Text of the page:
Anyone wanting a divorce should be able to obtain one without placing blame on the other party, otherwise known as a “no fault” divorce, providing they have been separated for a continuous period of at least two years and their spouse consents.
If they have been separated less than two years an individual would have to rely on the other party’s adultery or their unreasonable behaviour, bringing into the divorce an element of blame or fault of the other party.
As family lawyers, our aim is to formally bring any marriage to an end with as little hostility as possible, recognising the reason cited for divorce rarely affects the extent of financial arrangements, which are based on different criteria including need and available resources.
If there are arguments in relation to the divorce itself, these can offer extend to and undermine discussions in relation to other issues, such as financial or child arrangements and therefore, the more amicable parties’ are from the outset can assist in progressing other matters. Therefore, when drafting a divorce petition based on unreasonable behaviour we may seek to phrase any allegations in such a way to make them more acceptable to the other party, with a view to the party against whom allegations are made, agreeing to the divorce, rather than seeking to oppose it.
Until very recently, family lawyers have proceeded safe in the belief that in the absence of a completely “no fault” divorce system, a pragmatic family law judge would not look too closely at what has been said by the petitioner, providing the allegation had been made and the Respondent wasn’t opposing it.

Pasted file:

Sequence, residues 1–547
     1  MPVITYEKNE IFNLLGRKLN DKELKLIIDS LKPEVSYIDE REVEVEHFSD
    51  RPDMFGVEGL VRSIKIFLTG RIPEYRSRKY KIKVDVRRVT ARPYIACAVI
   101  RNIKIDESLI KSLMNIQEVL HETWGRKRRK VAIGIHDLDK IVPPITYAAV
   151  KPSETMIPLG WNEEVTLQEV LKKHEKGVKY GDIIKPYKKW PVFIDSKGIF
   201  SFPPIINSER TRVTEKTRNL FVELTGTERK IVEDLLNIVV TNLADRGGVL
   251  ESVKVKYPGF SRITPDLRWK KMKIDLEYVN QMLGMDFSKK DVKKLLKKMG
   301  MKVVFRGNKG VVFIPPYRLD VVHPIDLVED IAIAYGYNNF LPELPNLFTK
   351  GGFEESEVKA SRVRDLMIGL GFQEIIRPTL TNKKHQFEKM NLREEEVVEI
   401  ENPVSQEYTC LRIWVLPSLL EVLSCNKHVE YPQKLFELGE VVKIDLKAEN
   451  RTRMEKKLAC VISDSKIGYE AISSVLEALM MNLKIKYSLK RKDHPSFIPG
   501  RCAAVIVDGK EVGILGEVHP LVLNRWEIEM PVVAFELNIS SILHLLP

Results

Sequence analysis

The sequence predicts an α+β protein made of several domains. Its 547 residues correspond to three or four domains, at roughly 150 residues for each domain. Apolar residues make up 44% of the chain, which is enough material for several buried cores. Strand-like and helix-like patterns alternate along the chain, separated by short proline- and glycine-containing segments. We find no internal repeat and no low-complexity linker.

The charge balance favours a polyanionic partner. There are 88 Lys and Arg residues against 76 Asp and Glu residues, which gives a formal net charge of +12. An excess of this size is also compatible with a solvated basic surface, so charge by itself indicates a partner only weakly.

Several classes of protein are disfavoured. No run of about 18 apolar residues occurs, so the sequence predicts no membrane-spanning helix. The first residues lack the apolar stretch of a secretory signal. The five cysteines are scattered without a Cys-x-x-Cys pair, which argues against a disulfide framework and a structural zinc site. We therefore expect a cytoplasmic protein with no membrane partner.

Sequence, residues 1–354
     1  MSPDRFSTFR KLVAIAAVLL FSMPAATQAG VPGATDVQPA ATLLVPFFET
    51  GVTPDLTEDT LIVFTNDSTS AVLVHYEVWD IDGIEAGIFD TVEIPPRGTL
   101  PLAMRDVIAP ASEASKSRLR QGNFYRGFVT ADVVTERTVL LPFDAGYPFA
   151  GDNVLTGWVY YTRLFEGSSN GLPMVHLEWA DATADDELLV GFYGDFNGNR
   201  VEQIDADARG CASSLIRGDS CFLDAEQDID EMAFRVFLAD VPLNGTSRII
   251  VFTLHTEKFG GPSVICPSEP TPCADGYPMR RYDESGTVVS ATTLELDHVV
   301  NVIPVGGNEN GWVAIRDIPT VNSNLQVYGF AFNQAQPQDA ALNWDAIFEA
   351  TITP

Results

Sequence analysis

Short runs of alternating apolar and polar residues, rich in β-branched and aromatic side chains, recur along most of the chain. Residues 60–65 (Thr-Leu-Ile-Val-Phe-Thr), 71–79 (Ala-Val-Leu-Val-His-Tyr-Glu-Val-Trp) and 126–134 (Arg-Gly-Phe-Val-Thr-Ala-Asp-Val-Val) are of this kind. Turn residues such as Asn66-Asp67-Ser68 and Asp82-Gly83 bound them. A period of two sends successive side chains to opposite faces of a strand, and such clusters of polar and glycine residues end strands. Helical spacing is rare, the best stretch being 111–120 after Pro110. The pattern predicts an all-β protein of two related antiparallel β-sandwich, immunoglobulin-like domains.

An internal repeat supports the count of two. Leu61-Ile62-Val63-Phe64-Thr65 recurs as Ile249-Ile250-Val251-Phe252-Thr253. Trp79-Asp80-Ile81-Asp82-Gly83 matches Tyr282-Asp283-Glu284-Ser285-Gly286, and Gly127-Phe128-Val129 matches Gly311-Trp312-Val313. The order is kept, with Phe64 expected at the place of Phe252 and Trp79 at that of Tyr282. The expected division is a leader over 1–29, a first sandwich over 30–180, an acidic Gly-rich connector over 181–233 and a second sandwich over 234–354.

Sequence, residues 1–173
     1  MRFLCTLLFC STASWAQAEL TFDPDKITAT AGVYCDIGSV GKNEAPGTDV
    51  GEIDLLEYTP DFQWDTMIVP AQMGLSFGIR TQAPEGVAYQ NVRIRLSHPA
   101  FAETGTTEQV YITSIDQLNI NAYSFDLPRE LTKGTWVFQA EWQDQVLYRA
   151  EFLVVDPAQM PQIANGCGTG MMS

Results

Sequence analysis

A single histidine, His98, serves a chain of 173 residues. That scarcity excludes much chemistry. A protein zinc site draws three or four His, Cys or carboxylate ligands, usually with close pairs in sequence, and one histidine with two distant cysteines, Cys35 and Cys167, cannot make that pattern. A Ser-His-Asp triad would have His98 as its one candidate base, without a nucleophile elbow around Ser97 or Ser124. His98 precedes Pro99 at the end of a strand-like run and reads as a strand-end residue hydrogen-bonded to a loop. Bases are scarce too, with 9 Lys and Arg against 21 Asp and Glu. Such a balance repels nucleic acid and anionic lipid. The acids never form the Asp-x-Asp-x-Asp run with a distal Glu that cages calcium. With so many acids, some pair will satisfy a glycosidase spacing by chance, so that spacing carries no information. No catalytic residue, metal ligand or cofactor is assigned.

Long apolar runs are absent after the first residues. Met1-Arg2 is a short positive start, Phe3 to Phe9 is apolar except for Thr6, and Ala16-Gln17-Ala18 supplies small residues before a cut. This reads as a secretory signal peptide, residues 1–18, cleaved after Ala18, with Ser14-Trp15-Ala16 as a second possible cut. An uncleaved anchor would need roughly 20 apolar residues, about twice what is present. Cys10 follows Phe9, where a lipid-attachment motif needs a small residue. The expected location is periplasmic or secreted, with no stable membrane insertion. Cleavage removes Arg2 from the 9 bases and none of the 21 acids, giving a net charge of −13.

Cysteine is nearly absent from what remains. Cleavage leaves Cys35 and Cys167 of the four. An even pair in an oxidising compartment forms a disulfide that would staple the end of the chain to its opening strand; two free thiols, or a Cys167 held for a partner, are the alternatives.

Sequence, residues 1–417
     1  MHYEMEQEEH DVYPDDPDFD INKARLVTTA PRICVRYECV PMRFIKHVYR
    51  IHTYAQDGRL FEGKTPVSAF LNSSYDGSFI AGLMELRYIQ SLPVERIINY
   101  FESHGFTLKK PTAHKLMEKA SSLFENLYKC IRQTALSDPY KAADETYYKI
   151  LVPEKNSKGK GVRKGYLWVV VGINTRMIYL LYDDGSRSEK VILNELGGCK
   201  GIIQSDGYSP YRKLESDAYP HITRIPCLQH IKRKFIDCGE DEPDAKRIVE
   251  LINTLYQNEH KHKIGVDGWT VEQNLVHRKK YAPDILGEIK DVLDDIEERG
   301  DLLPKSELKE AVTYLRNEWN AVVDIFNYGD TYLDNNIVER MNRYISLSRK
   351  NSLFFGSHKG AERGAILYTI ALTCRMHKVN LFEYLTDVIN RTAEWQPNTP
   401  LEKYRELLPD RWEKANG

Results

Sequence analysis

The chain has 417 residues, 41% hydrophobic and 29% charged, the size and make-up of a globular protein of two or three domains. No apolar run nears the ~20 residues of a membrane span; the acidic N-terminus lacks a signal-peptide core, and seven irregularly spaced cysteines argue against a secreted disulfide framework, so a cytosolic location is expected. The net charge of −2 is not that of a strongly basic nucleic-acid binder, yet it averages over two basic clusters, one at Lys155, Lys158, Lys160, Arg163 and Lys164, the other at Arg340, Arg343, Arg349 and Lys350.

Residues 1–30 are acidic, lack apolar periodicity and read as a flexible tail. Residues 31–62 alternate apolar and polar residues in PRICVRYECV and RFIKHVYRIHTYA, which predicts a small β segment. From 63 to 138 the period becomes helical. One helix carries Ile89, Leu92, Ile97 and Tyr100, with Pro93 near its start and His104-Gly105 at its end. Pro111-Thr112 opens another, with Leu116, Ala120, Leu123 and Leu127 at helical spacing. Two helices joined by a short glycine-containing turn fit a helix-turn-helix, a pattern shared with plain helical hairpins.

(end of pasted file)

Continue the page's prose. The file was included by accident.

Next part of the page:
However, a very recent example of a defended divorce can be found in the case of Tina Owens, heard in the Court of Appeal, highlights the problems that arise in having to rely on unreasonable behaviour in the face of opposition. After being married for almost 40 years Mrs Owens wanted a divorce and cited examples of her husband’s unreasonable behaviour. This included the husband’s continued upset over a prior affair, being silent during a meal in a local pub, and making inappropriate comments about her in front of her friends and family.
Mr Owens challenged the marriage had broken down and the original judge rejected Mrs Owens application stating she failed to prove Mr Owen’s behaviour had been unreasonable, particularly in the context of such a long marriage. The Court of Appeal expressed great sympathy with Mrs Owen’s position, but did not overturn the original decision as the judge at first instance had properly stated and applied the law to this case, and exercised his discretion correctly.
Anecdotally, there are already stories emerging of divorce petitions being returned from courts because the allegations are not “strong enough”. Unfortunately this may mean there are increased incidents of challenges and, ironically, more defended petitions than before, increasing anxiety and costs for all concerned.
What is clear is that the decision has highlighted the need for updating of laws relating to divorce, to reflect changes in modern society. Clients often ask: “if so easy to marry, why so hard to divorce?” and why can they not do so “without blaming the other party.” The government has since stated that there are no changes to the law expected in the foreseeable future.
Before proceeding with a divorce it will be increasingly important to get early legal advice from an experienced family lawyer, to reduce the risk of difficulties arising, and to ensure that matters can be resolved as amicably as possible in the circumstances.
For an initial consultation please call Slater and Gordon on Freephone 0808 175 7710 or contact us online and we’ll be happy to help.
Amanda McAlister is the head of family law at Slater and Gordon Lawyers.